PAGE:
At the end of my ride, I turn
onto a little jalan (walk way) that leads down to Sedeoen
Harbour. At the end of the jalan, the villa has a
concrete parking area for motor scooters and a shelter for
sitting and watching the sunset or the boats. The
captain will have seen my arrival and brings the boat close to
the shore. A short walk across one of the whitest
beaches and a bit of a wade out to the boat and we are on our
way out to the reef.
I enjoy the ride out to the
reef. I can check out the distant waves getting closer and
just enjoy the beautiful environment, sitting in my deck chair
on the front deck of the boat.
On the way out to the reef we
pass "Squealers", a good beginners break named, it seems,
after the squeals of delight as people catch their first
wave. You can paddle to Squealers from the shore.
After Squealers we pass the
Bommie, which breaks right and left in the right
conditions. I've only surfed it once and found it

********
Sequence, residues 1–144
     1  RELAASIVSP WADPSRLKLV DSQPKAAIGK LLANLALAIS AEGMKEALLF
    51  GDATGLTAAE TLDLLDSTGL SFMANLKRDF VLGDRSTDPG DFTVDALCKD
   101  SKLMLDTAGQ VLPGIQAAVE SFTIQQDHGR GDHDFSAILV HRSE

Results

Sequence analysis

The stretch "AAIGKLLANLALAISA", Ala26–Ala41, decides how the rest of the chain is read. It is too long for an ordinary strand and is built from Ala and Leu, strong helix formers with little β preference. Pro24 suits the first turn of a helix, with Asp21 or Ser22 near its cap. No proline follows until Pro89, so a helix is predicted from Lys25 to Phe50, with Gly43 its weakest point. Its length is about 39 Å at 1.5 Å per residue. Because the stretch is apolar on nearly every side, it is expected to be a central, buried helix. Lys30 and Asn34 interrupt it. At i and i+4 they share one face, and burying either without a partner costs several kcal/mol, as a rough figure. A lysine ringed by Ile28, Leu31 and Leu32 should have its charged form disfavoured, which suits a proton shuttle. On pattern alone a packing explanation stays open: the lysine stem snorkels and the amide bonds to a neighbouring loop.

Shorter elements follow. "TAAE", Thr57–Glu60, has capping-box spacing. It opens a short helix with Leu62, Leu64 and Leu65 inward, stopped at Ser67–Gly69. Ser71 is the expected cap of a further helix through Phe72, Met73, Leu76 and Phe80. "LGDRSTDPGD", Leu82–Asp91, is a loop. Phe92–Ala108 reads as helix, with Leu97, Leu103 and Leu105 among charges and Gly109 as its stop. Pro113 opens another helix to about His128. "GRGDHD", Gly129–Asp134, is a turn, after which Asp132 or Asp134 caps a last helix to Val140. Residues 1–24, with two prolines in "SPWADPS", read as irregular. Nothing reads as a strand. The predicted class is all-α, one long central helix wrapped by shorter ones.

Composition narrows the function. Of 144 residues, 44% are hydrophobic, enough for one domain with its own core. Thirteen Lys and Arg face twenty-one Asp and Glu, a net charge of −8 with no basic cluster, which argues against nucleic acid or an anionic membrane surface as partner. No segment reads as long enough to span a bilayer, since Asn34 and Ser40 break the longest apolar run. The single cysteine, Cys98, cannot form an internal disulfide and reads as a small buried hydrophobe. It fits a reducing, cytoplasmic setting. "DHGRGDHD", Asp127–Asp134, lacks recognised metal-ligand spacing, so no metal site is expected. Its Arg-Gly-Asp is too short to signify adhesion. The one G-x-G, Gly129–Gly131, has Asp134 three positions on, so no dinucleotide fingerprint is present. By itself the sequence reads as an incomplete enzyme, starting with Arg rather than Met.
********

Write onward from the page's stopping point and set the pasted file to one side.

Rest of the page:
difficult to be in position as its quite out in the middle of
nowhere. The wave though often looks beautiful.
We then reach the T-Land
reef and pass through the boat mooring area. If I'm lucky,
there aren't too many other boats (=surfers) out there.
There are essentially three breaks on the reef, the Mountain,
the Pyramid and the Peak, in order away from the boat
channel. I normally surf the Mountain or the
Pyramid. The Peak is way down the reef and while it can
offer enormously long runs along the reef, on a big day, if I
come off early, I can end up being swept along the reef with
multiple hold-downs until I get to the boat channel, hundreds
of metres later. For a similar reason, on a really big
day, I will usually end up at the Mountain. On a big day
with the swell direction and wind right, the Mountain can
offer up magnificient waves that are easy to slide onto and
can offer 200+ metre rides.
While I'm surfing, the captain
will moor Mane Tua Sane with the other boats. I'm not
sure how he spends his time, although on a good day he'll
catch a mackerel or similar for the villa kitchen.
Whatever he's up to, he remains very observant of when I'm
ready to leave and, with a bit of arm waving from me, he'll
let go of the mooring and head in my direction. Common
sense dicates that I have to paddle out of the region where
the waves break to meet up with the boat. Sani has told
me of boat captains who have not been so cautious and have